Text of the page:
If you are starting a group practice or running one already, something that you have to decide upon is whether to hire 1099 independent contractors or employees. Many clinicians start out by saying they will hire independent contractors, as you don’t have to pay towards unemployment taxes and social security and Medicare and there is a sense of freedom on everyone’s part. Many new business owners are afraid of being in charge of a group of clinicians, and rightfully so, as most of us don’t receive any business experience prior to starting our practices (one of the things I would change if I owned a graduate school in the social service field-to require business courses in case counselors or social workers decide to work in private practice).
The danger of choosing independent contractors solely on these criteria alone is that you may be missing out some important aspects of how you run your group practice that affect whether you actually should have employees or independent contractors.
The IRS defines independent contractors as “an individual is an independent contractor if the payer has the right to control or direct only the result of the work and not what will be done and how it will be done.” Very vague. The IRS website has a page dedicated to the different between an independent contractor and employee-check it out here. The IRS also has a form you can read here with questions to ask yourself about whether you have employees or independent contractors. Some questions include: “Who is contacted when complaints arise?” “At what location does the IC perform their services?” “List the supplies, equiptment, material, or property that is supplied by the IC.” “Does the IC establish the level of payment, and who receives the payments?” “What type of advertisement does the IC and company do?” The questions go on. Many of these questions, when you look at them deeply seem impossible for the IC to do on their own without your group’s help. YOU are offering the location, YOU are likely supplying some things, like the couch, desk, paper and pens.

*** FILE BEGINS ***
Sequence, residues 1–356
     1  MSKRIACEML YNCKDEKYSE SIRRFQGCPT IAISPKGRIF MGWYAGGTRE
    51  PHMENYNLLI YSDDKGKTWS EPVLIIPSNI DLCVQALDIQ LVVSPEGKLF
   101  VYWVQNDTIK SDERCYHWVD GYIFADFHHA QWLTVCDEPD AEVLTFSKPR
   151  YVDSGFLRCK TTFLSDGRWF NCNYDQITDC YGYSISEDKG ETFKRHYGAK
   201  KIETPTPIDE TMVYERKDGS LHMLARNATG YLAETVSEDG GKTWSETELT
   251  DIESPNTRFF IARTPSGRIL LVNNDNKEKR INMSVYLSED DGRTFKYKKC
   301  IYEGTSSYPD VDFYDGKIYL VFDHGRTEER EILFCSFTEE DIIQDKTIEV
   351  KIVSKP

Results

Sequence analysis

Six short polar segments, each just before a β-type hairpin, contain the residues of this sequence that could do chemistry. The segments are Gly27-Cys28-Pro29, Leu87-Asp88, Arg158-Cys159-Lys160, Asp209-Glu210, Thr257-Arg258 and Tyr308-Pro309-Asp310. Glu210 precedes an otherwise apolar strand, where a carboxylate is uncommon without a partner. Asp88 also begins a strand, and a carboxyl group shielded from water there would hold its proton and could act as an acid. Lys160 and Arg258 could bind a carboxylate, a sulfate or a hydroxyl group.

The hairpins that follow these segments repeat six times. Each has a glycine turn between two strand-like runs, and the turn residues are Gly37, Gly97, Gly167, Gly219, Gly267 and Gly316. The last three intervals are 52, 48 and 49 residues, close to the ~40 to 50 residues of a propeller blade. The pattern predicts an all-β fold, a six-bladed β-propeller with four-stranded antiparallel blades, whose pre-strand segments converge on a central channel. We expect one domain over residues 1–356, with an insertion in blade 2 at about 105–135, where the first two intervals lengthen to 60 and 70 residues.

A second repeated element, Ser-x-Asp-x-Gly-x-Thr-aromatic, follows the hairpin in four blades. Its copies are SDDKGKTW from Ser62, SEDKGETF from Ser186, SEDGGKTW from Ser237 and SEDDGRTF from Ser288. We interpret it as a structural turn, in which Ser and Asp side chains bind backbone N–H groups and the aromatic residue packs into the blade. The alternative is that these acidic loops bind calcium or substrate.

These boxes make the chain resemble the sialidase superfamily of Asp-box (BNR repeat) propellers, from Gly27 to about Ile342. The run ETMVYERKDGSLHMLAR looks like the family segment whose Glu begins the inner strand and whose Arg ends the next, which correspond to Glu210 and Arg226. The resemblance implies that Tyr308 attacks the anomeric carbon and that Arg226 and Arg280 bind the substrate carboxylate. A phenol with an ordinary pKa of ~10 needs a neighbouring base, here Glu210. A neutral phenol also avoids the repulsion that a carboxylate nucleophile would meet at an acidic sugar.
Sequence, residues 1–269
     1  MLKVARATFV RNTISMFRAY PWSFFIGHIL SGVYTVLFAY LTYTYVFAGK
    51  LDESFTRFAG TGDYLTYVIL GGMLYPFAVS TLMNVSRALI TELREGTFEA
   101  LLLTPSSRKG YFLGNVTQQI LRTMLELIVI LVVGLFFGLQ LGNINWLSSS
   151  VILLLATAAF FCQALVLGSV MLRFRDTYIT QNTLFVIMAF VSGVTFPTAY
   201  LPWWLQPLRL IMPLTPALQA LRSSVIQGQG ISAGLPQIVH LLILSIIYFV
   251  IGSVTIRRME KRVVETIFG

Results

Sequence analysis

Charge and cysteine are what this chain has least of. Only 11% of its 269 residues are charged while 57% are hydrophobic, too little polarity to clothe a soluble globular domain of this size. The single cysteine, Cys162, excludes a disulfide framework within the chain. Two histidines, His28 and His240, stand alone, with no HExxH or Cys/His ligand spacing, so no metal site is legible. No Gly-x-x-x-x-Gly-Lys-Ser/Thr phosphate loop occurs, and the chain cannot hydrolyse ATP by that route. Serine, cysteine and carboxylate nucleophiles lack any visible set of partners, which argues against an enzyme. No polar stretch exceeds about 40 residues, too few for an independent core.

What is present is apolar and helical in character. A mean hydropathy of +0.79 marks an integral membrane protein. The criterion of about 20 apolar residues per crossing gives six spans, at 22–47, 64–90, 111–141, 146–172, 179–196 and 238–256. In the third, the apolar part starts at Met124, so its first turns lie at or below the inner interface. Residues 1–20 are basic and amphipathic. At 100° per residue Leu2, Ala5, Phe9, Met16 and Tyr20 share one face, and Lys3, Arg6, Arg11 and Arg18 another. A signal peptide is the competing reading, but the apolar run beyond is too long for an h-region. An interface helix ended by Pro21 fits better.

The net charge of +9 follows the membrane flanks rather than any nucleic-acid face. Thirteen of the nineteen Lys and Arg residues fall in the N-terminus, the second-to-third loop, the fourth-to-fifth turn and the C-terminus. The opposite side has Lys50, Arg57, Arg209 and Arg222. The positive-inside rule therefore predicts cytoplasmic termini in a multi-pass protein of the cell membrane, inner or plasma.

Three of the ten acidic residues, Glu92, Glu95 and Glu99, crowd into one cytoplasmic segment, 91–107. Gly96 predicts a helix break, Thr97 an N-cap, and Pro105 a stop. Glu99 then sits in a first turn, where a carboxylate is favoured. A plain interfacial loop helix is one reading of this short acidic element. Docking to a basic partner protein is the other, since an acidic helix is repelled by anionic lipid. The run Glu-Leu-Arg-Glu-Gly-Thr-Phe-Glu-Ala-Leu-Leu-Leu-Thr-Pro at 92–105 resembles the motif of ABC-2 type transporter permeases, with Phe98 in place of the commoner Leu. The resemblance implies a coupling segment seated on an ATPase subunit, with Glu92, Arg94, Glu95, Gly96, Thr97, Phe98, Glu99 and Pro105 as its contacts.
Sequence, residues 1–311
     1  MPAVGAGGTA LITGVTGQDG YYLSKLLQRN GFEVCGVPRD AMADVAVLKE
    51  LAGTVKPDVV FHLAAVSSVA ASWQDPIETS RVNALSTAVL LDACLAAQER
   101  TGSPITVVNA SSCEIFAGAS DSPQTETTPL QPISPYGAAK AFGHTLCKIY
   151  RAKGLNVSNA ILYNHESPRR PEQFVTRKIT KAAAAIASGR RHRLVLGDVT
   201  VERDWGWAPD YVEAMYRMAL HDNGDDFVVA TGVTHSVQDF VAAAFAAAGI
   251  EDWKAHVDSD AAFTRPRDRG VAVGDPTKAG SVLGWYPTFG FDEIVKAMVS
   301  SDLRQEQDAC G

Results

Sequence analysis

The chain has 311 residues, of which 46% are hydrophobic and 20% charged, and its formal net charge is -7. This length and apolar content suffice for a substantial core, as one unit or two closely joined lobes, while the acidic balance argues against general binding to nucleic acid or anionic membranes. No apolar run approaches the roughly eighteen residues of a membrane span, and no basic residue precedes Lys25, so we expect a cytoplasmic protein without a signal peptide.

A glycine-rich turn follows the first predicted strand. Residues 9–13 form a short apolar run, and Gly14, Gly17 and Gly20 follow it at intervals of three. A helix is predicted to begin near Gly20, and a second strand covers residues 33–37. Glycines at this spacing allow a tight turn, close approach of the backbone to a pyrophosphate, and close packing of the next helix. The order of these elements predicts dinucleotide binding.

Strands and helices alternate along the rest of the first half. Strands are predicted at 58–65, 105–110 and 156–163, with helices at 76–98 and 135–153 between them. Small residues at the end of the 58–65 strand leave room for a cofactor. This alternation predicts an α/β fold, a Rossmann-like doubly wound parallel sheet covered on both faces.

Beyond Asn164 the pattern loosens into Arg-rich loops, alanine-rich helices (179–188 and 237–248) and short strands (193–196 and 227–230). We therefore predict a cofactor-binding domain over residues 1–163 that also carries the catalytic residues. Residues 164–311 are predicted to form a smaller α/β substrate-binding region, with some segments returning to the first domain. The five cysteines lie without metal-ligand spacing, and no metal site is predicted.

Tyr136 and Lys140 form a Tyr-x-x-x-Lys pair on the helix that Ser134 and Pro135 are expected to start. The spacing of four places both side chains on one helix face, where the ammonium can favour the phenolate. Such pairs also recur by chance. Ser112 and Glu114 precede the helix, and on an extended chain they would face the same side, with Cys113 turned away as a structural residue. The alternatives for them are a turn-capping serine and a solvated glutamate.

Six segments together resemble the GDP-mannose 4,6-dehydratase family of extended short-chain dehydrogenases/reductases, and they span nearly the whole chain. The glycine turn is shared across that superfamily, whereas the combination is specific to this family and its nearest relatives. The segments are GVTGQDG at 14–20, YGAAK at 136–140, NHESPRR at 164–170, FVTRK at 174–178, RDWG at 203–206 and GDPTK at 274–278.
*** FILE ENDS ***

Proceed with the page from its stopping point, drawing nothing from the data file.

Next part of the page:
Additionally, if I have a group practice, I would like things to be run in some sort of way that I feel fits the feel of my business. I would like procedures to be done a certain way, and that the clinicians that I hire work in a way that reflects what I want my group practice to be seen as by the community. I market to the community by giving details on the clinicians that work in my group and what they do. You do not have that control with independent contractors. You cannot recommend continuing education, or ask them to come to a staff meeting, or help them grow as a clincian. Personally, as my group practice grew, I noticed I needed more structure for my business than when I hired my first clincian. As things get bigger, it gets harder to keep a business “everyone do it their way.”
I have seen many group practice owners change their independent contractors’ status to employee after learning that others have incurred large tax debt when the IRS backdated their independent contractors pay and required taxes to be paid on them. That hefty fine can tear a business down. Rather than taking what seems to be a safer approach in the beginning (with all other things to learn about when growing your group practice), take your time in asking yourself what kind of group practice do you want? And does that align with having independent contractors or employees.
As always, I recommend doing your research and contacting a private practice attorney who understands counselors in private practice (I’ve got a great one here in Chicago).
Maureen Werrbach is a psychotherapist, group practice owner and group practice coach. Learn more about her coaching services here: LEARN MORE HERE